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What is discrimination?

Discrimination means treating some people differently to others because they happen to belong to a particular group – for example, because they are female, because they are from a particular ethnic group, or because they have a disability. 

Discrimination can occur in many different places, such as:

  • At work
  • At school or TAFE
  • When you’re looking for a place to stay or live
  • When you are buying something or trying to access certain services or facilities

Racial discrimination

Racial discrimination happens when you are treated less fairly than someone else in similar circumstances because of your race, colour, descent or national or ethnic background. This is direct discrimination. Racial discrimination can also be indirect when a requirement that is the same for everyone has an unfair effect on some people because of their race, colour, descent or national or ethnic background, such as a dress policy for employees which does not allow you to wear head-dress, which would indirectly discriminate against those who wear a head-dress for religious or cultural reasons.

Inciting hatred because of someone’s race, disability, sexual orientation, lawful sexual activity or religious belief or activity is also an offence, called racial vilification.

Threatening physical acts of violence or inciting others to threaten physical violence against a person and/or their property, because of the person’s race, is classified as serious racial vilification and carries more severe penalties for the offender.

Sex discrimination

Sex discrimination happens when you are treated less fairly than another person in similar circumstances because of your sex, marital status or pregnancy. This is direct discrimination. Sex discrimination can also be indirect when a requirement that is the same for everyone has an unfair effect on some people because of their sex or marital status or because you are pregnant or breastfeeding.

Sexual harassment is also a form of sex discrimination. Sexual harassment means an unwelcome or unwanted sexual advance, sexual suggestions or comments which humiliate, offend or intimidate you. Examples of sexual harassment include:

  • Dirty jokes
  • Touching
  • Kissing

Homosexual, transgender and HIV/AIDS vilification

It is unlawful for a person, to incite hatred towards or severely ridicule anyone because of their homosexuality or transgender status or because they have HIV/AIDS (or are thought to have HIV/AIDS).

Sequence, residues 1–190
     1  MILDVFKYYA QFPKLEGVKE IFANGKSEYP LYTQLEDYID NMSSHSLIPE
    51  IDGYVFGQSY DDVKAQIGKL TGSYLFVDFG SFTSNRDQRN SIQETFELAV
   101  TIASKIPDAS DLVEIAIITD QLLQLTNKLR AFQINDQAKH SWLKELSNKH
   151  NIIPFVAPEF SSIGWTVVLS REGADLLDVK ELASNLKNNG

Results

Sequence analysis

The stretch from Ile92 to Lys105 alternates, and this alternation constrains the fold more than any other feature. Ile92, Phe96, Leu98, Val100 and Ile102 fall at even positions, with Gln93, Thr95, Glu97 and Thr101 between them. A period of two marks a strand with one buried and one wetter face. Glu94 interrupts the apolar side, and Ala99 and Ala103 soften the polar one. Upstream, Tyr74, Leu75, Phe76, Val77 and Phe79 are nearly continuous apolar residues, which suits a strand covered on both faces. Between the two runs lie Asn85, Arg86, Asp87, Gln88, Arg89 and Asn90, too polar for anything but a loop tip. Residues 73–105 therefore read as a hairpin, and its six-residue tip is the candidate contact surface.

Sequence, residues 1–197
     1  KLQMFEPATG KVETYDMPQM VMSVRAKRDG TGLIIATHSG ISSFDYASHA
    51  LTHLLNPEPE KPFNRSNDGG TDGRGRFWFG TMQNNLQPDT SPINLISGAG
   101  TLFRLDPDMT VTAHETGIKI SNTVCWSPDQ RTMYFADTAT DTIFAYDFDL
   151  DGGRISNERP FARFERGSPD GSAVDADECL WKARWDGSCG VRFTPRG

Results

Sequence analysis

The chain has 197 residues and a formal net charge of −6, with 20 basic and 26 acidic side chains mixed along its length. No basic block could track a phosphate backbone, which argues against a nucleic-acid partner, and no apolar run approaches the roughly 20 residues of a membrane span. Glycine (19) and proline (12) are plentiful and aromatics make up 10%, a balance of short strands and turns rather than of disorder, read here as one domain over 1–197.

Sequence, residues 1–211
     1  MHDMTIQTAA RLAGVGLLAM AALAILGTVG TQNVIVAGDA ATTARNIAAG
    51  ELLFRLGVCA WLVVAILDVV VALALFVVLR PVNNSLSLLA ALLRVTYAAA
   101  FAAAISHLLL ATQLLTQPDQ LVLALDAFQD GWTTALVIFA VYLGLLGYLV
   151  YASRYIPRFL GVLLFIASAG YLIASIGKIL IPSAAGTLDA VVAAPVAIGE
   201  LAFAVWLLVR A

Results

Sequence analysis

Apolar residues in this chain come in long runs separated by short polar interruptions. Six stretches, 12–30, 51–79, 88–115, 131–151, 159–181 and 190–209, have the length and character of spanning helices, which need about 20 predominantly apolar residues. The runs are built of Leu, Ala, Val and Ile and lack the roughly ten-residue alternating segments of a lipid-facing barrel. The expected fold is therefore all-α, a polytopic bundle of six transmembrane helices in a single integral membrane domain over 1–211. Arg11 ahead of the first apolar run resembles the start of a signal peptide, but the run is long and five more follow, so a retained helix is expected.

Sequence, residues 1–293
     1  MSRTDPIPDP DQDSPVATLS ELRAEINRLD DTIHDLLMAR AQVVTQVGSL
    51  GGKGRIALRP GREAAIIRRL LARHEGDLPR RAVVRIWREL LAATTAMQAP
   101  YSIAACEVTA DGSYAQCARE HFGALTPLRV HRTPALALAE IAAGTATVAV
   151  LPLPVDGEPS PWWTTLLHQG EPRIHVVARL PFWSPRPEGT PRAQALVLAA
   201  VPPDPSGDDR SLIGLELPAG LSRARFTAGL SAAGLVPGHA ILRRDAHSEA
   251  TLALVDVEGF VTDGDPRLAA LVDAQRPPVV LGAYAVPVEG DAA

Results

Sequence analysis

Threatening physical acts of violence or inciting others to threaten physical violence against a person and/or their property, because of their homosexuality or transgender status or because they have/are thought to have HIV/AIDS, is classified as serious vilification and carries more severe penalties for the offender.

Age discrimination

Age discrimination happens when an opportunity is denied to you because of your age and where the age is irrelevant to your ability to take advantage of that opportunity. This is direct discrimination when you are treated less favourably because of your age than a person of another age group would be treated in the same or similar circumstances (e.g. you are refused rental accommodation because the agent assumes young people will not properly maintain the property).

Age discrimination can also be indirect when there is a requirement, condition or practice that is the same for everyone but has an unfair effect on a person of a particular age (e.g. where an employer requires employees to be available during school hours and that requirement is unreasonable because, for instance, the store is open beyond school hours and therefore has the ability to provide students with shifts after school)

Disability discrimination

Disability discrimination happens when people with a disability are treated less fairly than people without a disability. Disability discrimination also happens when people are treated less fairly because they are relatives, friends, carers or co-workers of a person with a disability. For example, you cannot be discriminated against if you will need time off work to look after someone with a disability.

It is also disability discrimination to harass someone because of a disability. This can include insults or jokes which offend them.

To find out what is meant by “disability” see: What is a disability?

This information was last reviewed in March 2009.

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